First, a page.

But what about companies that can’t be assed to add sufficient singleplayer content? Well, price it accordingly. A game’s online mode is only as good as the community that’s in it. If the community is not up to snuff or not really present, then that’s money wasted.
As for companies who got pricing right, Sega comes to mind. The oft delayed Anarchy Reigns is a online-multiplayer centric brawler and will retail for $30 when it comes out. There’s probably a singleplayer mode there, but like Call of Duty and most fighting games, the multiplayer is the main attraction. So Sega priced it accordingly, knowing that this online experiences will vary from player to player. Nintendo (of all people) sold Rhythm Heaven Fever at a lower price considering what kind of game it is. And Namco sold Klonoa at $30 when the enhanced port came to the Wii.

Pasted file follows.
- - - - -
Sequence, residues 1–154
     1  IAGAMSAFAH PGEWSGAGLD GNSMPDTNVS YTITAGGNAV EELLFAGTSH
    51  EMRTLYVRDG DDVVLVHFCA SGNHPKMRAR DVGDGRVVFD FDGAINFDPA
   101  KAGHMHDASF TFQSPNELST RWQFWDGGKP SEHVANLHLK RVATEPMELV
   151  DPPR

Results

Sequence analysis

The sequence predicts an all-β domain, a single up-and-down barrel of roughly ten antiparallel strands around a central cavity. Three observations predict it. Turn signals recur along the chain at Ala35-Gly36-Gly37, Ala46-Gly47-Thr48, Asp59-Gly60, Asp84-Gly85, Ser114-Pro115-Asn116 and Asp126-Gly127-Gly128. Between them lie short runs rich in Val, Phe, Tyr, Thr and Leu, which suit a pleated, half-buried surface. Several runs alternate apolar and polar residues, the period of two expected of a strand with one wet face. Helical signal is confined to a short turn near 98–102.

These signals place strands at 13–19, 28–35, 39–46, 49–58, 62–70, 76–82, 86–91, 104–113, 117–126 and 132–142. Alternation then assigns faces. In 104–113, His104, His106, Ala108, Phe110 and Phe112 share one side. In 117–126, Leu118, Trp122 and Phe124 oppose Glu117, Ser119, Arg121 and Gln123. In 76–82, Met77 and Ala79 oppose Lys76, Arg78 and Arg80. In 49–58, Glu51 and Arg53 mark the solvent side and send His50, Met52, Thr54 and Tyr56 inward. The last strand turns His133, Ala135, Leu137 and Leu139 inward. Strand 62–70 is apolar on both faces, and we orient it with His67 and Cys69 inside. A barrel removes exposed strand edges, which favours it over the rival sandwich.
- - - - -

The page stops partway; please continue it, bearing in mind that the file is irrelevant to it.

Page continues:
It’s a cliche to say this, but it just applies so well here: Let your wallets do the talking. More than ever waiting for a price drop is resulting in better deals for games. If a game comes out with barely any content or expected to lack content, don’t pay those $60 up front. For too long companies have dictated the price points for games, citing “tech” and “multiplayer” when in reality there is not much there to begin with. Now, it’s our turn to tell these companies what we want to pay. You might really want that game now, but trust me when I say that patience is virtue. The economy ain’t what it used to be, and we can’t stomach these prices for such little content any longer.